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  • 26 Jun

  • Standing in the valley

    Nahma Nadich

    A message from Deputy Director Nahma Nadich:

    Though each season in New England has its unique pleasures (Colorful leaves! Snowshoeing! Flowers in bloom!) I must admit to loving summer most of all. Yes, I’m an unapologetic beach bum, but I also just appreciate the generally slower pace, the opportunity to get away, to read more novels and to socialize.

    Summer 2021 was one that began with real promise. The miraculously quick delivery of the COVID vaccine meant that it was finally safe to venture out of our homes, shed our Zoom fatigue and see one another in person, beginning with overdue hugs. When we checked in with friends and family, we even went so far as to use terms like “during the Pandemic” to describe the past. We congratulated ourselves for having gotten through such a tough time.

    But as we approach the fall, it’s clear that *this* is far from over. We’re not done worrying about the safety of our loved ones, the word “unprecedented” is still part of our daily vocabulary and we continue to rely on screens to connect with one another. Synagogues are beginning yet another Jewish year, in a scramble to provide meaningful and safe ways for their communities to gather for prayer – indoors outdoors, virtually – and astonishingly, for many, all three. And throughout the broader community, all are navigating uncertainty about returning safely and responsibly to school, and to our places of work.

    There is a scene in this week’s Torah portion that keeps replaying in my mind. Once the Children of Israel have crossed the Jordan River and entered the Promised Land, Moses charges them to engage in a strange ceremony. Half of the Twelve Tribes are to stand on one mountain (Har Gerizim) to hear a set of blessings that will be bestowed on those who follow the divine commandments, and the other half are to assemble on the neighboring mountain (Har Ebal) to hear the curses befalling all those who do not.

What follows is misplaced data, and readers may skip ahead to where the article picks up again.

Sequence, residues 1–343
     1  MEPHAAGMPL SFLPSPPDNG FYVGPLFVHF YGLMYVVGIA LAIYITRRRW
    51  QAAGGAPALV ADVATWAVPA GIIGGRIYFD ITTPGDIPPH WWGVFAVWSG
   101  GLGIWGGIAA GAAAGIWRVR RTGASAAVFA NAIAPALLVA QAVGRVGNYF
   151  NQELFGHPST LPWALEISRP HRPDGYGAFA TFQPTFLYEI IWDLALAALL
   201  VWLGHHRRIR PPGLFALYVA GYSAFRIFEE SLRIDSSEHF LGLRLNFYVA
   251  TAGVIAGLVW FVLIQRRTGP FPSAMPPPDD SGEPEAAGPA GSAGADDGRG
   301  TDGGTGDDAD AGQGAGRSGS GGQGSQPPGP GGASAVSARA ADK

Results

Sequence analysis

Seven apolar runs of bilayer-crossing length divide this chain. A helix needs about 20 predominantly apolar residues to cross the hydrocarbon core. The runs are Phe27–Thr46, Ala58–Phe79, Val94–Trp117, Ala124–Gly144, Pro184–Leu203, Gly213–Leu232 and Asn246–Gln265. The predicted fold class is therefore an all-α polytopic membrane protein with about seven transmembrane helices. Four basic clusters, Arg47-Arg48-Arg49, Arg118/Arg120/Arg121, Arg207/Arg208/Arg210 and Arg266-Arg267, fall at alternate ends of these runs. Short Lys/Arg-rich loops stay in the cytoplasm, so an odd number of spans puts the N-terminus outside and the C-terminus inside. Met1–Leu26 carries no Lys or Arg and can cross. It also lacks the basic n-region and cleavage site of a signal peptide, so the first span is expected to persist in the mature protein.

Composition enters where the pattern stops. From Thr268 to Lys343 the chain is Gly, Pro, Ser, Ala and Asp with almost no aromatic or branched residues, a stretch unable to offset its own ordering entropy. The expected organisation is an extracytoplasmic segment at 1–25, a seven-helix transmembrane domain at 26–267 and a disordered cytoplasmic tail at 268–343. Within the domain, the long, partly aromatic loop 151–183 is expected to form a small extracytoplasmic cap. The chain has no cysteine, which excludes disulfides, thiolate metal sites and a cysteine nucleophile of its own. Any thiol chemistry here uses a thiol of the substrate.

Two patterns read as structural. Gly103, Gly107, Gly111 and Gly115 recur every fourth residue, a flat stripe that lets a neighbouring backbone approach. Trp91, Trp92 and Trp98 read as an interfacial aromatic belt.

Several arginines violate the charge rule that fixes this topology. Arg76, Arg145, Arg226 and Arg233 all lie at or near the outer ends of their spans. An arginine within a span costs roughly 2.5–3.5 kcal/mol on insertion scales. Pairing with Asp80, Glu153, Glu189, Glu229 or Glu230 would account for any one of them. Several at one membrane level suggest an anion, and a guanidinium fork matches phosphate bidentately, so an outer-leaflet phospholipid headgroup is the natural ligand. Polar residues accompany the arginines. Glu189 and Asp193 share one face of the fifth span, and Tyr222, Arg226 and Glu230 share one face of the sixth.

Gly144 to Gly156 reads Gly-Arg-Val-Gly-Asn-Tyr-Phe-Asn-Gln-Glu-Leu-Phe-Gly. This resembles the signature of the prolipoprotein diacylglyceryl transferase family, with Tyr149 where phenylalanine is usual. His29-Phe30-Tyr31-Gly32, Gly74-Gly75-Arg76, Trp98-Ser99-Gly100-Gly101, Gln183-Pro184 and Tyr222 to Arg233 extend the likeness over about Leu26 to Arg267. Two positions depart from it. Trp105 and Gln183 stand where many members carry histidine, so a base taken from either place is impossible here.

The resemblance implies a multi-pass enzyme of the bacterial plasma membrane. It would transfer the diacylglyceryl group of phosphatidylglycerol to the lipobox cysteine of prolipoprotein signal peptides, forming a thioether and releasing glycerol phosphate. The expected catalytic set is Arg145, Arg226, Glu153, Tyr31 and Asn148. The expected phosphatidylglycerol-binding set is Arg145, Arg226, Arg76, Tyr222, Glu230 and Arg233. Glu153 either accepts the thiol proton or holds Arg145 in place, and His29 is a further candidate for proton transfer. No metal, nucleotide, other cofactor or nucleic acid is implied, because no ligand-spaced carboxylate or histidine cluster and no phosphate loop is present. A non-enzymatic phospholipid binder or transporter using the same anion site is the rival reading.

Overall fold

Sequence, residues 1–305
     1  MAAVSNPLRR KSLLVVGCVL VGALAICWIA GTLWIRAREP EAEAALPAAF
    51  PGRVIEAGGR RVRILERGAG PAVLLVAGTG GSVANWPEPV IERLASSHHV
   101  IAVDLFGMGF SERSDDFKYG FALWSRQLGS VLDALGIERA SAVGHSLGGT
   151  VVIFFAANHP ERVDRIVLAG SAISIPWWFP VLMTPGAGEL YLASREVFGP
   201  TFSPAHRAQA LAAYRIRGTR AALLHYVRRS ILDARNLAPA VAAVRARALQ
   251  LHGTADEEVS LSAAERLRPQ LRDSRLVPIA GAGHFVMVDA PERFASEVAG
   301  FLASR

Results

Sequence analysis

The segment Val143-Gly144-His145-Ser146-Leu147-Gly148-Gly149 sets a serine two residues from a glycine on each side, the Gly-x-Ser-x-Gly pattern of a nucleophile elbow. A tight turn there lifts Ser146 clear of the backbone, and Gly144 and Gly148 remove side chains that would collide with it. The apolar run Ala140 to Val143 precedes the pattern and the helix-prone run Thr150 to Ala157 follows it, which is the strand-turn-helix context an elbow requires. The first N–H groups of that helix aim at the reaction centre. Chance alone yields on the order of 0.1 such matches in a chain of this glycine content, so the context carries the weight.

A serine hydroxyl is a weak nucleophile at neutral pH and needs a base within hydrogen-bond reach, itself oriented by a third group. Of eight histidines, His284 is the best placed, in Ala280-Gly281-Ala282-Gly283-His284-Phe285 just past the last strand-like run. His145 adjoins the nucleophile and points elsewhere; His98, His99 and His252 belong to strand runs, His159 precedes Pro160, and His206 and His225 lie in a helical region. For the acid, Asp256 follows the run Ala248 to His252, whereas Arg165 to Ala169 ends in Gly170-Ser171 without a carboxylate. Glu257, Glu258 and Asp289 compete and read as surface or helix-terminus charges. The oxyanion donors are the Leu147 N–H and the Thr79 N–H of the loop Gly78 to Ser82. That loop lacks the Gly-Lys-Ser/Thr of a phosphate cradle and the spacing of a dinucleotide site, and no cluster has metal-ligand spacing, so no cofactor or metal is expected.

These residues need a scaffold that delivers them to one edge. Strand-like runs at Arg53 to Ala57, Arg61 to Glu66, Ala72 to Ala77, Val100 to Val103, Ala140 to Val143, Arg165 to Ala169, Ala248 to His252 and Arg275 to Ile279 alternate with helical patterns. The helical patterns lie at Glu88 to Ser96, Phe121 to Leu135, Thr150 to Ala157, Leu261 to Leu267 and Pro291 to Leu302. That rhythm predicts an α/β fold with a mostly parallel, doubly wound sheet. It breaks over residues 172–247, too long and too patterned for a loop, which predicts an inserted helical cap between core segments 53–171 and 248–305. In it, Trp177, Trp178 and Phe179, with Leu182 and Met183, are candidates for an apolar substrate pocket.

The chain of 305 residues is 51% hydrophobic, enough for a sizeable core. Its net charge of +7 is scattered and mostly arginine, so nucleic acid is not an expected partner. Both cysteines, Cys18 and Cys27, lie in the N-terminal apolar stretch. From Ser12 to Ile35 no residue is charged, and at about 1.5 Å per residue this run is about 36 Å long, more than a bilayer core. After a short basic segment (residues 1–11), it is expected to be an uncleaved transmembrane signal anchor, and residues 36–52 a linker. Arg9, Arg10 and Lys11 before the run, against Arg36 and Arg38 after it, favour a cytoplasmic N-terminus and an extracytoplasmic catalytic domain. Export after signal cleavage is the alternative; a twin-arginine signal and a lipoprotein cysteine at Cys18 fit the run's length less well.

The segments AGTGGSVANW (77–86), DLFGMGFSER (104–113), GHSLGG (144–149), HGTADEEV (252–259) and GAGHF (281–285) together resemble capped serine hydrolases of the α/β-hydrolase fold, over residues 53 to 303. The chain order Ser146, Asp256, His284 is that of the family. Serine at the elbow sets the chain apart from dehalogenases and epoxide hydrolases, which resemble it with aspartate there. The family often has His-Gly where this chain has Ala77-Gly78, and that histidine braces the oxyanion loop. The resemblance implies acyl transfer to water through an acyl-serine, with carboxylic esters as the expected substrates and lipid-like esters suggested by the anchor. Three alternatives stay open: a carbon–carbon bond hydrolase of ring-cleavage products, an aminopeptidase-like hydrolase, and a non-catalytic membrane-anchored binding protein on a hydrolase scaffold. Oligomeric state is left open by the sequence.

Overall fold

Setting aside the complex theological debates inspired by this passage, I’m struck by the very human drama of standing in the valley between these two mountains, between blessings and curses. This is the valley we now find ourselves in, between the suffering we experienced, witnessed and are still vulnerable to in this continuing pandemic, and the joy we felt, all too briefly, at the promise of returning to our lives and reconnecting with one another.

    Though the individual circumstances of our lives may differ, we are all summoning the strength and finding the perspective and patience to wait a bit longer to return to whatever “normal” is ahead. I know that our community’s wise rabbis will have words of inspiration to offer as we gather – in all the ways we will – in the coming weeks. And that our friends who are leaders of other faiths, will do all that they can to spiritually sustain their flocks in navigating this moment.

    As someone whose personal and professional life is centered on my relationships with others (my work home for the last 22 years has “Relations” in its name!), I am sustained and buoyed by every conversation that brings me closer to family, friends, colleagues and partners. In the last couple of months, I’ve celebrated each opportunity to connect with people I care about, face to face. But the Delta variant (and the stubborn resistance of far too many to a safe and effective vaccine) have stalled our road to recovery. So, for the time being, I’ll be connecting in any way I can – in person when safe, outdoors as the weather allows, and once again on screen, remembering to be grateful for the human ingenuity which produced the technology that binds us together. And when we finally emerge from this valley, I hope that my appreciation for the blessing of human connection and proximity never wanes.

    Shabbat shalom,